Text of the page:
Buy Side Equity Research Analyst

Buy-side equity research analysts do similar work but are essentially looking to identify the greatest performers in the market, and also tend to follow a larger number of companies and in less detail than their sell-side counterparts. Due to the broader coverage, analysts can end up focusing on multiple industries and over 30+ companies at any given time. These reports tend to be proprietary as the research is usually done in-house and are commonly used as a supplement to public/purchased sell-side analyst research.

Exit Opportunities

Exit opportunities for equity researchers are extremely varied and they can place well into hedge funds, industry sector private equity firms and the investment banking division. Due to the fact that an equity researcher has to analyze companies from the point of view of an investor, they already have the mindset and skill set to work well in hedge funds and other buy-side firms. As mentioned, each researcher will be familiar with a certain sector of industry, so their knowledge and insight can prove useful when transitioning into another role focusing on that particular sector.

Return to the Finance Dictionary

Read Forum Topics About Equity Research



**To learn more about this concept and become a master at valuation modeling, you should check out our Valuation Modeling Course. Learn more here.**

Module 1: Introduction

Module 2: Valuation: The Big Picture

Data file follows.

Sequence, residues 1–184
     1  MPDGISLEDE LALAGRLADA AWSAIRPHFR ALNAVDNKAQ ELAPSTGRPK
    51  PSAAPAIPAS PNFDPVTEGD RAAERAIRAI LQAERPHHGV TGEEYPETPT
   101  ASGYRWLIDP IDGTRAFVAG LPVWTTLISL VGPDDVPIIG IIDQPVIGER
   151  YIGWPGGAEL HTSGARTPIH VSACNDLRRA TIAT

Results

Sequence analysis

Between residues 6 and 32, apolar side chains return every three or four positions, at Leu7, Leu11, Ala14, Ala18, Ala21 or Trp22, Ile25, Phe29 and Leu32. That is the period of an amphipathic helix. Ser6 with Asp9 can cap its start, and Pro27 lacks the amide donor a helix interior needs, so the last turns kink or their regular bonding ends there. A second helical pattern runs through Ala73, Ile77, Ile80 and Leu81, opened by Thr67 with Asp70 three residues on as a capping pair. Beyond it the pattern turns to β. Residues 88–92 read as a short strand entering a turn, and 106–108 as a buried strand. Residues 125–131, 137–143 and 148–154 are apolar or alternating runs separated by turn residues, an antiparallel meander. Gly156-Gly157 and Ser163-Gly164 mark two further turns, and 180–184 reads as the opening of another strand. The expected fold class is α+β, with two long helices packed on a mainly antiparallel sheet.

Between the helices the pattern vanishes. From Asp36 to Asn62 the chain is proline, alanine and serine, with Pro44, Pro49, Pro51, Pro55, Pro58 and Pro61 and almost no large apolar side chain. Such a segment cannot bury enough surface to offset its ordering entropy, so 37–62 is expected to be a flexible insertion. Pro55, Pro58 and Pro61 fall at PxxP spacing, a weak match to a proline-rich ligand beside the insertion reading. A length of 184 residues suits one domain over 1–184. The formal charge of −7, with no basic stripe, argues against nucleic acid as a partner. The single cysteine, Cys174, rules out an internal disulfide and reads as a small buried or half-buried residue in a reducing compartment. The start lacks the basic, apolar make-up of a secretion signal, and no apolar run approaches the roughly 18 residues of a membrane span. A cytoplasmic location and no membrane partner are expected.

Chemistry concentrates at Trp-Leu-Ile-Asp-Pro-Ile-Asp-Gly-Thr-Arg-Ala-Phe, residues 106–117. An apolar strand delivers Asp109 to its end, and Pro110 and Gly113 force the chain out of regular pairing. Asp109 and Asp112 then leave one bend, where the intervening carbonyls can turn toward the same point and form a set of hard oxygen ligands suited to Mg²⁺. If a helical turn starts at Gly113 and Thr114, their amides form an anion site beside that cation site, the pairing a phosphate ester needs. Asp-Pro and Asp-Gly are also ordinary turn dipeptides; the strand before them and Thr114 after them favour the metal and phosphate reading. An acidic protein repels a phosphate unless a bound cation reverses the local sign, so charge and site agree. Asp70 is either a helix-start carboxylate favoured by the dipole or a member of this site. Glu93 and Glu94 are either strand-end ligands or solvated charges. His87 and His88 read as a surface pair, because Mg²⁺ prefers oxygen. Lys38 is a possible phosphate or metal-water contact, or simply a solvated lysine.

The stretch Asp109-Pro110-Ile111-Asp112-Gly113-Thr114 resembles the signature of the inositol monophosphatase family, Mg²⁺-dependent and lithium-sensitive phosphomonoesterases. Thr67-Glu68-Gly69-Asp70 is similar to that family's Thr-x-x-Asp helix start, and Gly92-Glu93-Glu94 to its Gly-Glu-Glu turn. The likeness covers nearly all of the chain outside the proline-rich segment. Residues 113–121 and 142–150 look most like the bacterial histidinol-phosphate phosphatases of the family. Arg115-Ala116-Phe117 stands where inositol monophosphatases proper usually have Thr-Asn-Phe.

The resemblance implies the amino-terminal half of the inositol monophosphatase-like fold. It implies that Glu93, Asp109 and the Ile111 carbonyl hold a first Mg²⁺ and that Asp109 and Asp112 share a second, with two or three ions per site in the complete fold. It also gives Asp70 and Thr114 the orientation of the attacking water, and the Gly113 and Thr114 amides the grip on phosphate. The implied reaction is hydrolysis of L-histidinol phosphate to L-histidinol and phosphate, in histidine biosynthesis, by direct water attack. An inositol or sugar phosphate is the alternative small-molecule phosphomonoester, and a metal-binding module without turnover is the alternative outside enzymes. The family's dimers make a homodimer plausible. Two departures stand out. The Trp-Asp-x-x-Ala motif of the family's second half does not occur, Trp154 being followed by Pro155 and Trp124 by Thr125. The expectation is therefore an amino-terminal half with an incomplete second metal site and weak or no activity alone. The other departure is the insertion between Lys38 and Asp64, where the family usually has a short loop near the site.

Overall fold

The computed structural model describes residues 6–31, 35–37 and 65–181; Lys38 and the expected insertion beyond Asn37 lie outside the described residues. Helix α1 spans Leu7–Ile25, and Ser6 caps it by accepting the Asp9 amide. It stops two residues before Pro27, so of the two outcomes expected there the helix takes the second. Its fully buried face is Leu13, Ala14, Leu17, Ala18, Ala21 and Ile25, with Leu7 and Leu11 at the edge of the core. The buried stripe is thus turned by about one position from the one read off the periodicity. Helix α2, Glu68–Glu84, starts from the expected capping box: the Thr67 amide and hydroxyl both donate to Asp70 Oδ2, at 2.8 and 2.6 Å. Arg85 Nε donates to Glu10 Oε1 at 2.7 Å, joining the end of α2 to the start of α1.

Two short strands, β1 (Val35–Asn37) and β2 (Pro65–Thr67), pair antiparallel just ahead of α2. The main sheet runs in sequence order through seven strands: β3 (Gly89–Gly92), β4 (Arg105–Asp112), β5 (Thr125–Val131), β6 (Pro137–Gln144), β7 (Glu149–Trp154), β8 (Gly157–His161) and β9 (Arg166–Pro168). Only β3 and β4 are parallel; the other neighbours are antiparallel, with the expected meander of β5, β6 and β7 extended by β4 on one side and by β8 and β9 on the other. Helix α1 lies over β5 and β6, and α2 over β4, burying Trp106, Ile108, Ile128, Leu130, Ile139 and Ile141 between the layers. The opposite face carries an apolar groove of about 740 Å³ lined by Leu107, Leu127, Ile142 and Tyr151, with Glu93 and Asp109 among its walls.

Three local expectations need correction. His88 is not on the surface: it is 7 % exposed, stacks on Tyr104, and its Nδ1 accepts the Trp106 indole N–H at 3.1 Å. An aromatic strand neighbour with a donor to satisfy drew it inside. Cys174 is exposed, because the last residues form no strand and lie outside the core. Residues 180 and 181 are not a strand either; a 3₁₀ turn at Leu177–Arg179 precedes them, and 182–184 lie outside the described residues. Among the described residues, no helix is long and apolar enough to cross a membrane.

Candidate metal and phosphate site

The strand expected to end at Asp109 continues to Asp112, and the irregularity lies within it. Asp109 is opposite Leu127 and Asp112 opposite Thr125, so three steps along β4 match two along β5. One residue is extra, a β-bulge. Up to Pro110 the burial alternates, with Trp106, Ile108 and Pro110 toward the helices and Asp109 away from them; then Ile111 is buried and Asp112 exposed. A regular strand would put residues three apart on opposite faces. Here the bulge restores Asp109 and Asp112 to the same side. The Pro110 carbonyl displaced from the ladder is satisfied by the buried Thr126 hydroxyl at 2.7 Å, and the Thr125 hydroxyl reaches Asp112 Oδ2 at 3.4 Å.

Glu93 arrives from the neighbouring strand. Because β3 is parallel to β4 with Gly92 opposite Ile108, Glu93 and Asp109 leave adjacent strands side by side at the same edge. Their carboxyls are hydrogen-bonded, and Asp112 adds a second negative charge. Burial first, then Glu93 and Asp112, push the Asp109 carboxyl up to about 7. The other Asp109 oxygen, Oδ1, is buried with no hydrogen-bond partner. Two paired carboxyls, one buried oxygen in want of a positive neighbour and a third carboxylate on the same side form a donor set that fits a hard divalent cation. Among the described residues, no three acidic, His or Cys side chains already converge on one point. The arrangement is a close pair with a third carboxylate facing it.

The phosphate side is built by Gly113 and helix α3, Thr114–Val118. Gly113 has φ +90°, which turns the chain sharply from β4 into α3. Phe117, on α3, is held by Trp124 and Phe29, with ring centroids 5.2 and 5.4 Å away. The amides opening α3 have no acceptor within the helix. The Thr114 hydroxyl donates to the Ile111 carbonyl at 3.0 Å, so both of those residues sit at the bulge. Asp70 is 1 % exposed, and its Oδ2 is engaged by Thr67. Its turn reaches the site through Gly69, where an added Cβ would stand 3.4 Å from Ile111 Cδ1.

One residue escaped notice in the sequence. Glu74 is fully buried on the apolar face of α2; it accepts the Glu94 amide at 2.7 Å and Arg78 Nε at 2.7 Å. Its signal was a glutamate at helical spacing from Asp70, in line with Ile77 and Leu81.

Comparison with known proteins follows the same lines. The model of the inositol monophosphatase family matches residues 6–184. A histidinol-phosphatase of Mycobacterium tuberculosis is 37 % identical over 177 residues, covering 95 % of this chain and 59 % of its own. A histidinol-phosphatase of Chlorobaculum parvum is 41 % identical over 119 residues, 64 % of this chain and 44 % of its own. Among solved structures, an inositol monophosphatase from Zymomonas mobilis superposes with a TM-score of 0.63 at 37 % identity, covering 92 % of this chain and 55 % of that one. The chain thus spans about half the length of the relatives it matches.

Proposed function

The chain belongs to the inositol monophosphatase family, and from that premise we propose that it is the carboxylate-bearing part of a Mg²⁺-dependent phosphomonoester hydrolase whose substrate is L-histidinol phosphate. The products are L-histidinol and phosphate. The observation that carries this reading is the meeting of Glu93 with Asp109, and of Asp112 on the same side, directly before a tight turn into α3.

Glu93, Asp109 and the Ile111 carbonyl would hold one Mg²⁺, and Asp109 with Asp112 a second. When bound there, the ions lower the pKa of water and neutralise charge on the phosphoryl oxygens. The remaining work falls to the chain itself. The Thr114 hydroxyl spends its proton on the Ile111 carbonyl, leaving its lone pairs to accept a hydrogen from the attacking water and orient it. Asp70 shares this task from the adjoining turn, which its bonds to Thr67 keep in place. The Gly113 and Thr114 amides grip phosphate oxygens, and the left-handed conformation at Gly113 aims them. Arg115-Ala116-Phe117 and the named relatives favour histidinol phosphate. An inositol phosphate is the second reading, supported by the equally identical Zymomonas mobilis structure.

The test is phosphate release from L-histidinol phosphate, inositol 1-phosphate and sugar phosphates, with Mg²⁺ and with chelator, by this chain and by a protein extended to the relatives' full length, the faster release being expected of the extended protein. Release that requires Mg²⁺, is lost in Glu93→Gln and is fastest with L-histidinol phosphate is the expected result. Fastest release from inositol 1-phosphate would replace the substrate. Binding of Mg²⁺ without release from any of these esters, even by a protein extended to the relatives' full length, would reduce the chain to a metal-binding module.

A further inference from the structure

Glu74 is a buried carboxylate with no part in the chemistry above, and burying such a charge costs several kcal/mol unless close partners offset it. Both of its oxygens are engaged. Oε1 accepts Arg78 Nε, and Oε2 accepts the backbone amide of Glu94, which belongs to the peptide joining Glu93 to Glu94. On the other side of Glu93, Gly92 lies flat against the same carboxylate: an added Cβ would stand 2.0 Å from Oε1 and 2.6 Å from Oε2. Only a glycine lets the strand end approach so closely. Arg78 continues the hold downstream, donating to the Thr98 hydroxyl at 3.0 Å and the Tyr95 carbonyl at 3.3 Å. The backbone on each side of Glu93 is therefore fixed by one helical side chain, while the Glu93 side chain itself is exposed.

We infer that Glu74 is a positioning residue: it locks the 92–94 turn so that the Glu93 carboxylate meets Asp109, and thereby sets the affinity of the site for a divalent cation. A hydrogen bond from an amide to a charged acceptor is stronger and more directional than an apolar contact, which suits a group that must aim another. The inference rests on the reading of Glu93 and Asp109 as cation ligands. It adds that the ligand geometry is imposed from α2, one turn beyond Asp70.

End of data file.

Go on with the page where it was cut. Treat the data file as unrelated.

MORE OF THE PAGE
Module 3: Enterprise Value & Equity Value Practice

Module 4: Trading Comparables Introduction

Module 5: Trading Comps: The Setup

Module 6: Trading Comps: Spreading Nike (NKE)

Module 7: Trading Comps: Spreading Adidas (ADS.DE)

Module 8: Trading Comps: Spreading Lululemon (LULU)

Module 9: Trading Comps: Spreading Under Armour (UA)

Module 10: Trading Comps: Benchmarking and Outputs

Module 11: Precedent Transactions: Introduction

Module 12: Precedents: The Setup

Module 13: Spreading Tiffany & LVMH

Module 14: Spreading FitBit & Google

Module 15: Spreading Reebok & Adidas

Module 16: Spreading Jimmy Choo & Michael Kors

Module 17: Spreading Dickies & VF

Module 18: Valuation Wrap-Up

Module 19: Bonus: Non-GAAP Practice

Learn More Here




Start Discussion

Popular Content See all

The lighter side of IB! (Hopefully)
+55IBby 1st Year Analyst in Investment Banking - Mergers and Acquisitions">Analyst 1 in IB-M&A
Why aren't Asians/Indians/Middle Eastern considered diversity
+31IBby Intern in Investment Banking - Industry/Coverage">Intern in IB - Ind
The "right" blue in excel
+18REby Portfolio Manager in Real Estate - Commercial">PM in RE - Comm
Leaving New York
+14IBby Intern in Investment Banking - Industry/Coverage">Intern in IB - Ind
Is Finance the back office of society?
+14OFFby 1st Year Analyst in Investment Banking - Industry/Coverage">Analyst 1 in IB - Ind
Do I Count as Diversity?
+12IBby Prospective Monkey in Investment Banking - Mergers and Acquisitions">Prospect in IB-M&A

Total Avg Compensation

October 2020 Investment Banking

  • Director/MD (17) $704
  • Vice President (49) $326
  • Associates (265) $228
  • 3rd+ Year Analyst (36) $168
  • 2nd Year Analyst (147) $159
  • Intern/Summer Associate (137) $141
  • 1st Year Analyst (584) $130
  • Intern/Summer Analyst (559) $82

Leaderboard See all

LonLonMilk's picture
Jamoldo's picture
Secyh62's picture
CompBanker's picture
redever's picture
Addinator's picture
bolo up's picture
bolo up
NuckFuts's picture
frgna's picture
Edifice's picture